Fig. 7.

Distribution of node strength values for S. cerevisiae metabolism in (A) aerobic, glucose-limited and (B) aerobic, acetate-limited conditions.

The FBA approach allows us to analyze the metabolic network as a weighted network since each reaction is assigned a flux value. Such a generalization of non-weighted network measures was originally introduced in the context of the airline transportation and co-authorship networks (Barrat et al., 2004). The first of the generalized network measures is called the `node strength', si, of a node i, defined as sijwijaij, where wij is the weight of the link connecting nodes i and j, and aij is the adjacency matrix as before. The node strength acts as a generalization of the node degree to weighted networks and sums the total weight on the links connected to a node. Fig. 7 shows the distribution of node strengths, P(s), for E. coli metabolism with glucose as the single carbon source.

We continue by generalizing the clustering coefficient to weighted networks. Since ci indicates the local density of triangles, a similar definition with link-weights should make it possible to discern if large or small weights are more or less likely to be found clustered together. We denote one possible definition given by Barrat et al. (Barrat et al., 2004) as cw,i, and the average weighted clustering is<Cw>=(1/Nicw,i. If no correlations exist between weights and topology, this new definition of clustering coefficient is equal to that of the unweighted network. Furthermore, we may identify two possible scenarios. If <Cw> is greater than <C>, large weights are predominantly distributed in local clusters, whereas if <Cw> is less than <C>, triangles are built using mostly low-weight links. Other possible definitions of a weighted clustering coefficient with somewhat different properties have been proposed (Onnela et al., 2005; Zhang and Horvath, 2005; Holme et al., 2007).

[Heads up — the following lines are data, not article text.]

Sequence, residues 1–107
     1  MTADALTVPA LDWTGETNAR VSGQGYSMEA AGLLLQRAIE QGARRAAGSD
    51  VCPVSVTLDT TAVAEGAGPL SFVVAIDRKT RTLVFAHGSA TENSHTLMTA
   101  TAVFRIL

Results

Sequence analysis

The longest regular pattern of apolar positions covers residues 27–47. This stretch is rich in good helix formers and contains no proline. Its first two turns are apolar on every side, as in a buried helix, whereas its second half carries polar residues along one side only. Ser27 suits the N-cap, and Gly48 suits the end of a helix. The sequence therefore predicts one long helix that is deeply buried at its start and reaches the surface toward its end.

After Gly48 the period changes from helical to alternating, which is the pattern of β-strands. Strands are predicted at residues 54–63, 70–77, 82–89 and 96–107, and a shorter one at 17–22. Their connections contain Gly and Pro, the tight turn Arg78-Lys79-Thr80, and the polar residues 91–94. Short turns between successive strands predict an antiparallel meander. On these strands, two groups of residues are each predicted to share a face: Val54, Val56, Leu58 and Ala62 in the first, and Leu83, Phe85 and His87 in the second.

Fluxes and metabolic network structure

The flux distributions of a metabolic network rely on the network topology. Some of this dependence is understood by studying the correlation between wij, the strength of the link connecting nodes i and j and their respective connectivities, ki and kj. The metabolic fluxes scale as<wij>∼(kikj)θ, where θ=0.5 under glucose-limited conditions in S. cerevisiae (Fig. 8A) and E. coli (Macdonald et al., 2005), as well as the World-Air-Transportation network (Barrat et al., 2004). We may also find similar behavior in network models. As an example, the betweenness-centrality [a measure of how many shortest paths utilize a given node or link (see Brandes, 2001; Freeman, 1977; Newman, 2001; Wasserman and Faust, 1994) on the Barabási–Albert network model (Fig. 8C)]. However, other values for θ are possible, as demonstrated in Fig. 8B, where we findθ =0.7 for metabolic fluxes under acetate-limited conditions.